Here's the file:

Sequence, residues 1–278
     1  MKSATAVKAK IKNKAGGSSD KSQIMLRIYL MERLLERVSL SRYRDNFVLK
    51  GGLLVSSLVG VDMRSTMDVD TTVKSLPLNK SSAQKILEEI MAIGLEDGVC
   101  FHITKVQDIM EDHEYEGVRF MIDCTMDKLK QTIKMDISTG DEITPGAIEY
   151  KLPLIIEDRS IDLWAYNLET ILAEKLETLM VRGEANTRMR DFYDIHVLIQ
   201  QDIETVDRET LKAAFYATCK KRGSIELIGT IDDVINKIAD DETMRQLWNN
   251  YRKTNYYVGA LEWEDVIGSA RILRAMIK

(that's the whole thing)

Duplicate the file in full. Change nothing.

Sequence, residues 1–278
     1  MKSATAVKAK IKNKAGGSSD KSQIMLRIYL MERLLERVSL SRYRDNFVLK
    51  GGLLVSSLVG VDMRSTMDVD TTVKSLPLNK SSAQKILEEI MAIGLEDGVC
   101  FHITKVQDIM EDHEYEGVRF MIDCTMDKLK QTIKMDISTG DEITPGAIEY
   151  KLPLIIEDRS IDLWAYNLET ILAEKLETLM VRGEANTRMR DFYDIHVLIQ
   201  QDIETVDRET LKAAFYATCK KRGSIELIGT IDDVINKIAD DETMRQLWNN
   251  YRKTNYYVGA LEWEDVIGSA RILRAMIK